And ultimately the NSA can always monitor at an even lower level, if necessary -- the high speed telecommunications backbone that underlies both landlines and wireless networks.  And that infrastructure is solely owned by U.S. firms -- AT&T and Verizon Business Network Services Inc. (a subsidiary of Verizon Communications).  Thus regardless of who owns the cellular carriers, the NSA can (and in many cases reportedly already does) seize communications at the lowest level, eliminating pesky civil liberties complaints by foreign nations.

fiber optics
Communications can be seized at the U.S.-owned backbone that underlies wireless networks.
[Image Source: AP]

In a letter to Rep. Edward Markey (D., Mass.) Verizon Wireless admits [PDF] it did turn over records some of the time.  It says it responded to 260,000 customer data requests in 2011 (although it did not say how many customers were involved per request).  Of those half of the orders were without warrant (due proccess) while approximately half were via a court order or warrant.

According to sources, U.S. officials recognized the foreign leadership of T-Mobile and Verizon Wireless might lead them to buck the data gathering if they pushed the issue too hard.  So the feds kept their requests relatively small, knowing they could seize the information they missed further down the pipe.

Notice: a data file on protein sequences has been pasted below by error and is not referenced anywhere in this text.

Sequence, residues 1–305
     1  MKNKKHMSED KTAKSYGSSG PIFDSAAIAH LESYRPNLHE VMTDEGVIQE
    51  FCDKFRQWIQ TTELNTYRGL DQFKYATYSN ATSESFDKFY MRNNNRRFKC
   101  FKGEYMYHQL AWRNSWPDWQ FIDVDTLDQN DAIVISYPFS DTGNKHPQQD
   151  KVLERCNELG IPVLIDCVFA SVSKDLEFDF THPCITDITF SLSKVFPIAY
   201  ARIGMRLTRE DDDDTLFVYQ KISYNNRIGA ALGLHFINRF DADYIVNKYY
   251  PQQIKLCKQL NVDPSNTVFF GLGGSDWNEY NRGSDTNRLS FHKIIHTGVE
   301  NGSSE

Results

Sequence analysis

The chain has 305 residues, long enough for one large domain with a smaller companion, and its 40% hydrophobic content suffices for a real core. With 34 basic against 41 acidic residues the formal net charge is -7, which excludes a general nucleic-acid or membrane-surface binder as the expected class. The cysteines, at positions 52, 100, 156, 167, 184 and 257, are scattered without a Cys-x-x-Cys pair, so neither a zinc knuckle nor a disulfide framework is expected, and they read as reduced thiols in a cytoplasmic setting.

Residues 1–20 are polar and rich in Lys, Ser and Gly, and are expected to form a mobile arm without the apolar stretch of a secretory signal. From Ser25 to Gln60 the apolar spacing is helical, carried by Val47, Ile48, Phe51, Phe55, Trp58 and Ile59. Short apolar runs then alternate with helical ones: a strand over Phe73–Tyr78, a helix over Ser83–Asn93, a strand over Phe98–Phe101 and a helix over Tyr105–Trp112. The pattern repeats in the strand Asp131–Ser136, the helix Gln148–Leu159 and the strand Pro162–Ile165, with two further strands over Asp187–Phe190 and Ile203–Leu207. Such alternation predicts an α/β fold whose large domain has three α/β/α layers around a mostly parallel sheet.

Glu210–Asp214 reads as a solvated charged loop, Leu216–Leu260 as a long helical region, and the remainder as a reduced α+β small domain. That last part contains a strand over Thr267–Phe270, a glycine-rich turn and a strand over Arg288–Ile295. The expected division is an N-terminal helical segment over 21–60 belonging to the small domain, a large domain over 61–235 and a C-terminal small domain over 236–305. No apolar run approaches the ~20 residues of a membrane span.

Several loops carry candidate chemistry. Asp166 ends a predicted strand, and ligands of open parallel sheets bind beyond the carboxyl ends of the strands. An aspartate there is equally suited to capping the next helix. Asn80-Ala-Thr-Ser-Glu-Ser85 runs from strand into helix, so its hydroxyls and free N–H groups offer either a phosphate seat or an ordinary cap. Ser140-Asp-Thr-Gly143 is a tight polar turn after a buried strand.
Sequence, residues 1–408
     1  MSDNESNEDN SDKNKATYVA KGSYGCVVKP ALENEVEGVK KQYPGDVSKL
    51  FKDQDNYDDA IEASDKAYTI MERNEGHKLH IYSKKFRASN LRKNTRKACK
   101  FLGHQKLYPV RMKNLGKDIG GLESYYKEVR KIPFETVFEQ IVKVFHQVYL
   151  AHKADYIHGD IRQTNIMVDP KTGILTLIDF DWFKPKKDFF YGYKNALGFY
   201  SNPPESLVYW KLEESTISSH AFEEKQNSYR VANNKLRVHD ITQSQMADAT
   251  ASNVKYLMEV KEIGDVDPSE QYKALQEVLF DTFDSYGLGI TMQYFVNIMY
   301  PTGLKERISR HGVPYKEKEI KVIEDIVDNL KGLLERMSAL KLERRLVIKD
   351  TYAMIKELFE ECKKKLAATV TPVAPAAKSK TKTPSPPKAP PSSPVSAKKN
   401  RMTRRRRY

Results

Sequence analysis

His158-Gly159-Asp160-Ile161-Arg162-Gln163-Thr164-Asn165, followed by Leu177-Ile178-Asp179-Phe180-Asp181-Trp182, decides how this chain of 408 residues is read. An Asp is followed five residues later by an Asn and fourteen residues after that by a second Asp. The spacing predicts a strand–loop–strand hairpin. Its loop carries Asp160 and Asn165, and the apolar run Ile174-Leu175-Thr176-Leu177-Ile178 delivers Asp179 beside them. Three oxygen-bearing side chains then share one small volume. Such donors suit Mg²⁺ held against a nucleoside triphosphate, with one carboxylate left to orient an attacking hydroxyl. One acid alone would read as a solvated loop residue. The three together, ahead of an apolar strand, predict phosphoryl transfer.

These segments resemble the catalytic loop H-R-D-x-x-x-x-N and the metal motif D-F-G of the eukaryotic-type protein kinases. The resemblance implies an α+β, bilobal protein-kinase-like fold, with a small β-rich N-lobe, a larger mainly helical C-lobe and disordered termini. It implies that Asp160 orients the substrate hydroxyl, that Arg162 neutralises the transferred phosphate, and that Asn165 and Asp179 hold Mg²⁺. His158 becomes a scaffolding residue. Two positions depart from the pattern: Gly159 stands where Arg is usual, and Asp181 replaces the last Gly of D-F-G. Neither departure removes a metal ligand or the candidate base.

Recent surveys showed approximately half of Americans are comfortable with the goverment tracking their locations (phone records).

Sources: WSJ, Verizon Wireless [PDF]



Comments     Threshold


This article is over a month old, voting and posting comments is disabled

RE: 1% on VPN?
By Cheesew1z69 on 6/16/2013 5:37:28 PM , Rating: 2
While I applaud this petition, I seriously doubt this is going to have any impact on pardoning him.


RE: 1% on VPN?
By Reclaimer77 on 6/16/2013 6:02:03 PM , Rating: 2
Now that he's apparently selling us out to China? Nah, fat chance of that.

I think Snowden had good intentions maybe, but the way he's gone about this whole thing is an illustration on how NOT to be a whistleblower.

I don't know if he wanted to be a martyr or if he's really just that stupid. Either way, I don't see a happy ending to this little fairytale.

Don't get me wrong, glad he got the word out. But he could have done the same thing by bringing this up with a US Representative or a Congressional hearing, upholding his oath. At least then, there would be a chance of him having a future.


RE: 1% on VPN?